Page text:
|Rheology of granular materials composed of crushable particles
|Year of Publication
|Nguyen D-H, Azéma E, Sornay P, Radjaï F
|The European Physical Journal E
|Article Number 50
|CONTACT DYNAMICS METHOD; DISCRETE ELEMENT METHOD; SHEAR BANDS; NUMERICAL-SIMULATION; BED COMMINUTION; FRAGMENTATION; BREAKAGE; ROCK; DEM; MODEL
We investigate sheared granular materials composed of crushable particles by means of contact dynamics simulations and the bonded-cell model for particle breakage. Each particle is paved by irregular cells interacting via cohesive forces. In each simulation, the ratio of the internal cohesion of particles to the confining pressure, the relative cohesion, is kept constant and the packing is subjected to biaxial shearing. The particles can break into two or more fragments when the internal cohesive forces are overcome by the action of compressive force chains between particles. The particle size distribution evolves during shear as the particles continue to break. We find that the breakage process is highly inhomogeneous both in the fragment sizes and their locations inside the packing. In particular, a number of large particles never break whereas a large number of particles are fully shattered. As a result, the packing keeps the memory of its initial particle size distribution, whereas a power-law distribution is observed for particles of intermediate size due to consecutive fragmentation events whereby the memory of the initial state is lost. Due to growing polydispersity, dense shear bands are formed inside the packings and the usual dilatant behavior is reduced or cancelled. Hence, the stress-strain curve no longer passes through a peak stress, and a progressive monotonic evolution towards a pseudo-steady state is observed instead. We find that the crushing rate is controlled by the confining pressure. We also show that the shear strength of the packing is well expressed in terms of contact anisotropies and force anisotropies. The force anisotropy increases while the contact orientation anisotropy declines for increasing internal cohesion of the particles. These two effects compensate each other so that the shear strength is nearly independent of the internal cohesion of particles.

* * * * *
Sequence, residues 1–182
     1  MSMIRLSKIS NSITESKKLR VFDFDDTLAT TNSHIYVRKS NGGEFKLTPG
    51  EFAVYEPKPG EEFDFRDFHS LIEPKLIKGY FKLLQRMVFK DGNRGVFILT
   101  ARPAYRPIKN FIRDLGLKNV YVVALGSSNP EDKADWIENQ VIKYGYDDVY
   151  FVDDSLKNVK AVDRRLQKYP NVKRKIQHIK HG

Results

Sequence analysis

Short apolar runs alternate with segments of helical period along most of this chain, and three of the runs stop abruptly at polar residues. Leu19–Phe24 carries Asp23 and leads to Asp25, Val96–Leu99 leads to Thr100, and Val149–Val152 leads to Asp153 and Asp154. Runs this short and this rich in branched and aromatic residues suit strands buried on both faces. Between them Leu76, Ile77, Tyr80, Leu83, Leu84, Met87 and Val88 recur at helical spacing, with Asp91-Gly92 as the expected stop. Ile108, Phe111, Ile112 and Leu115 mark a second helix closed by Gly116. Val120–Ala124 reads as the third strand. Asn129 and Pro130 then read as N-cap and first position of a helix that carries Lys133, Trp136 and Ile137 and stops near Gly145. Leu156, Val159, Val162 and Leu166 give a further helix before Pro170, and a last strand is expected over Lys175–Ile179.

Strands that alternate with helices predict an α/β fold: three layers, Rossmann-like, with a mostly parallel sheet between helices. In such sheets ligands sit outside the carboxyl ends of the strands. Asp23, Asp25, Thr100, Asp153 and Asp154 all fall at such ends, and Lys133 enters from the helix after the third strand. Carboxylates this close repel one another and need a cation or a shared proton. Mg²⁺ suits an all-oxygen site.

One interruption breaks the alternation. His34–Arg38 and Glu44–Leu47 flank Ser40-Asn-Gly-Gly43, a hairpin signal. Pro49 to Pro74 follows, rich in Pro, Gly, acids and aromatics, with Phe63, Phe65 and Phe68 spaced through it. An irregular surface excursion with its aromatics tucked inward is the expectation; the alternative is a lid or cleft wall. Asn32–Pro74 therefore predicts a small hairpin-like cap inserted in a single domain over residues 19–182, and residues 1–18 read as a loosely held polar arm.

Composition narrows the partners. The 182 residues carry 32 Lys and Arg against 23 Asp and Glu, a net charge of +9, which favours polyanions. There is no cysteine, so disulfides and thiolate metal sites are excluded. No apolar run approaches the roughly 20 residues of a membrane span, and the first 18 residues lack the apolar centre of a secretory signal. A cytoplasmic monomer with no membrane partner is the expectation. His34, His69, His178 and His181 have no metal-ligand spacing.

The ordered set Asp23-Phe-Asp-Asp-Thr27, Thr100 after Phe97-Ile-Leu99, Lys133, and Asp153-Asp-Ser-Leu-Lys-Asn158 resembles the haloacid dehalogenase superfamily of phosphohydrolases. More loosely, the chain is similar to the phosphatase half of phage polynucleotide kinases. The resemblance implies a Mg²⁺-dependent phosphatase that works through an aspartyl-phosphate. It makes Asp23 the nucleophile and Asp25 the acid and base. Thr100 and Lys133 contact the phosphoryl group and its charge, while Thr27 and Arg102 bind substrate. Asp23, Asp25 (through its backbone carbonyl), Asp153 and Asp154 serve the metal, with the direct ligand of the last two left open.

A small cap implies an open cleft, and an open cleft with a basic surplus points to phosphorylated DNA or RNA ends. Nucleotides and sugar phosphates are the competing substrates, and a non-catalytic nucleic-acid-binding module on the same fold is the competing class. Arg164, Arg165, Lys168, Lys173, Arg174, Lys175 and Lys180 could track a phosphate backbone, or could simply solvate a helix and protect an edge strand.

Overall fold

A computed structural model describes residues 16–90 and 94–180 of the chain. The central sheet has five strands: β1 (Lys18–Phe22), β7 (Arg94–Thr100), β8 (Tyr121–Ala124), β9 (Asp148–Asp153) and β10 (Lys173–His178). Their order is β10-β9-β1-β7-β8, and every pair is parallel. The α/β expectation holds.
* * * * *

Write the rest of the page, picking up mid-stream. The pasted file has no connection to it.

|Eur. Phys. J. E